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San Jose to Require Gun Owners to Carry Liability Insurance

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Mayor Sam Liccardo speaks at a press conference following Wednesday's mass shooting at a VTA rail yard in San Jose. (Beth LaBerge/KQED)

Updated, July 1, 7:40 p.m.

San Jose officials moved a step closer to being the first city in the nation to require gun owners to carry liability insurance and pay a fee to cover taxpayers’ costs associated with gun violence.

A draft ordinance was unanimously approved by the City Council on Tuesday, a month after a disgruntled Santa Clara Valley Transportation Authority employee fatally shot nine of his co-workers and then himself, the San Francisco Chronicle reported.

Mayor Sam Liccardo praised the measure and said gun owners who do not comply with the new rules shouldn’t have guns.

"We won’t magically end gun violence, but we stop paying for it," Liccardo said in a statement.


The measure is part of a 10-point gun control plan that Liccardo unveiled following the May 26 mass shooting at the VTA light rail yard in San Jose.

The plan now heads to the Rules Committee where more details will be ironed out. For example, officials need to determine how much gun owners would have to pay, or how to enforce the rule. The city attorney’s office also has to make sure the ordinances are defensible in court. The council is expected to hear the proposal again in September for a final vote.

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The fees from gun owners would be used to cover the direct costs of gun violence to city taxpayers for services that include police response, ambulance transport and gunshot-related medical treatment for victims. Details on the fees would be determined upon completion of a gun harm study from the Pacific Institute for Research and Evaluation, a group that promotes individual and public health, welfare and safety.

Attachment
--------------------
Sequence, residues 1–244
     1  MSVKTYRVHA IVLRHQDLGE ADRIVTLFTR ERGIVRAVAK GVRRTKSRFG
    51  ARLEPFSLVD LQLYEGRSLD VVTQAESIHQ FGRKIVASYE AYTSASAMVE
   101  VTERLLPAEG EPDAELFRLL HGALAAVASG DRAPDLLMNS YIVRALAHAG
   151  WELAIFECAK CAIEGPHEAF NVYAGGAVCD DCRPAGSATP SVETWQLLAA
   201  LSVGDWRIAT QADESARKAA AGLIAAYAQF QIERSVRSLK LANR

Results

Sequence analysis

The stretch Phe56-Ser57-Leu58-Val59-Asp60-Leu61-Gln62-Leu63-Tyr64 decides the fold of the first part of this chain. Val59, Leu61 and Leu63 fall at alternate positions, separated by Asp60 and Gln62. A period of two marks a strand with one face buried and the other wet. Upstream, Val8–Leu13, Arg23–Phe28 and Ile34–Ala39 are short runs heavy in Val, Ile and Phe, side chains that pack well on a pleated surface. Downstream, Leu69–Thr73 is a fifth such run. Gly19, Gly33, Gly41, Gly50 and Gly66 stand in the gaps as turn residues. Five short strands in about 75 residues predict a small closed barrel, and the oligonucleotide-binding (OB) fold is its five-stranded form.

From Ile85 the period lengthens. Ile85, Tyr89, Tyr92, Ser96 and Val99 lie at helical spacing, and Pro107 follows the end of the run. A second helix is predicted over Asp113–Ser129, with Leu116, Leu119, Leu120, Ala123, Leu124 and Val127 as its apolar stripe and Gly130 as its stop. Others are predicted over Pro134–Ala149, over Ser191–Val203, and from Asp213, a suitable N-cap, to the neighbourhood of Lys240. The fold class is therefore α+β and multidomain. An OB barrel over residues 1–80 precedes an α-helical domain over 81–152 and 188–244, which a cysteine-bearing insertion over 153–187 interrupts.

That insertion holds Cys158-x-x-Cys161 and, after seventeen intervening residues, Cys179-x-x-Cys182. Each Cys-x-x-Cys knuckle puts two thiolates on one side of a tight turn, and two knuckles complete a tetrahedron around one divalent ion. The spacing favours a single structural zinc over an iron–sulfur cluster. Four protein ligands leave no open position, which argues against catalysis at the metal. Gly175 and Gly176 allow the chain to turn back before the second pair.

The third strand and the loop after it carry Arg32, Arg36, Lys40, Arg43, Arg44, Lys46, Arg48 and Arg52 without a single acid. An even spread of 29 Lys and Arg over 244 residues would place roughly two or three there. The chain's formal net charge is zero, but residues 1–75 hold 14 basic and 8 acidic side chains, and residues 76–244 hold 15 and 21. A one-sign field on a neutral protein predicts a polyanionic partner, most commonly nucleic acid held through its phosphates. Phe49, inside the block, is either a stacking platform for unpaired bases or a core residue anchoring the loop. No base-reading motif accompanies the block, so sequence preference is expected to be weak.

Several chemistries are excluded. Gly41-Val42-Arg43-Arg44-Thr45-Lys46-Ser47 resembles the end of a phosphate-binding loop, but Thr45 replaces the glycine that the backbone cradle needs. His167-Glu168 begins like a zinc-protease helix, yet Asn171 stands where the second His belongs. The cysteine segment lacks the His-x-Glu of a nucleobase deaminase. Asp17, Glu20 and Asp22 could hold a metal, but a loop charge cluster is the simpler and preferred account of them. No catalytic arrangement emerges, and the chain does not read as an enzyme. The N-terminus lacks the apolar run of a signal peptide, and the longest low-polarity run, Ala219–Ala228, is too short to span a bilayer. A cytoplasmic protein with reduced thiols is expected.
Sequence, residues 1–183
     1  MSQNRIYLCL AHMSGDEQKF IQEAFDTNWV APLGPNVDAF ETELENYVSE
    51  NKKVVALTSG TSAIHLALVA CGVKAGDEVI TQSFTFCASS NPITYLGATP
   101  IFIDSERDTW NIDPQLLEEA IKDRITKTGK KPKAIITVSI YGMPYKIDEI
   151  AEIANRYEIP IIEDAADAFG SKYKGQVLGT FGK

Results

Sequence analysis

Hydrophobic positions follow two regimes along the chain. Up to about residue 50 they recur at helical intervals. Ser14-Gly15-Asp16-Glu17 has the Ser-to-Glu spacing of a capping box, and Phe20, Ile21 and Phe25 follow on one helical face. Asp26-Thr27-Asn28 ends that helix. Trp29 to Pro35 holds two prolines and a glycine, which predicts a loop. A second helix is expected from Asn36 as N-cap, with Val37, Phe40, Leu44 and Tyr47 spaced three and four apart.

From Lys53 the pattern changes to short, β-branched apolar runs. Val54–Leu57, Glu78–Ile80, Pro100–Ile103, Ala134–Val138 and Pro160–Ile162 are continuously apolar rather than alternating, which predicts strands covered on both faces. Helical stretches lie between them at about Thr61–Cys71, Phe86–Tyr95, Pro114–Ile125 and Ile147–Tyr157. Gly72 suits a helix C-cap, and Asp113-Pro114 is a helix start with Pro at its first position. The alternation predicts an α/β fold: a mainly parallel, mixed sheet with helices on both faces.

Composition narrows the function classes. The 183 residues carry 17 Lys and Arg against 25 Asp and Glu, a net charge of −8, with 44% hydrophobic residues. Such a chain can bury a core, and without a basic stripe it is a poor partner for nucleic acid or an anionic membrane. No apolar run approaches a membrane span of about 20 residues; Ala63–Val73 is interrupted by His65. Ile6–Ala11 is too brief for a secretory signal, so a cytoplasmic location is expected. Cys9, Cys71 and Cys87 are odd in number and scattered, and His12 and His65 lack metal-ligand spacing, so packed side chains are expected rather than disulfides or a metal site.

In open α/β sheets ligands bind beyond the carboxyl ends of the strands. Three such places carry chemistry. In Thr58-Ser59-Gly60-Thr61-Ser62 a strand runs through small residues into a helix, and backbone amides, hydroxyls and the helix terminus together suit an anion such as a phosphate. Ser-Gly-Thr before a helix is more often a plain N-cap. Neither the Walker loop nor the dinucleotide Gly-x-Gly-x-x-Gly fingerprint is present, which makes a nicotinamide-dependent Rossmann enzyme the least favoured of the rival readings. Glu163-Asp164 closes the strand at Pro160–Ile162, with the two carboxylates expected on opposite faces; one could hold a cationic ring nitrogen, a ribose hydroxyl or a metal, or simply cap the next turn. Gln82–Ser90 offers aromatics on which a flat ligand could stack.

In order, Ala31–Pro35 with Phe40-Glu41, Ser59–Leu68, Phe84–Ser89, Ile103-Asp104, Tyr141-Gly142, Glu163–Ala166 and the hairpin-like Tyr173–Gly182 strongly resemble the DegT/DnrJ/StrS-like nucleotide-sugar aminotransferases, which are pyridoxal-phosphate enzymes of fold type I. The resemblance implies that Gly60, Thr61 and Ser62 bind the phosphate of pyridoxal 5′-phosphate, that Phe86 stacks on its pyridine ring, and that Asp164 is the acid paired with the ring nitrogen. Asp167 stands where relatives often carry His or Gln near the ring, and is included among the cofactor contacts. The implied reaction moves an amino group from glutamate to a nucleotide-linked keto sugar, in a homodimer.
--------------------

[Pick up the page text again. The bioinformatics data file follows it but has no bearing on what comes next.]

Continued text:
In a preliminary report released ahead of the vote Tuesday, the institute estimated that gun-related homicides, suicides and other shootings cost San Jose around $63 million annually. A more thorough study is expected to be completed in the fall.

City officials know how many guns were purchased in San Jose since 2001, Liccardo said, but the city has no gun registry and no way to track gun owners.

Earlier this month, city lawmakers passed another measure requiring all retailers to record video and audio of all firearm purchases. San Jose would be the largest California city with such a rule.

Correction: This story clarifies that San Jose officials approved Mayor Sam Liccardo's plan and directed city staff to draft an ordinance that would require liability insurance for gun owners. The council will vote on whether the draft ordinance should be law in September.

KQED's Adhiti Bandlamudi contributed to this report.

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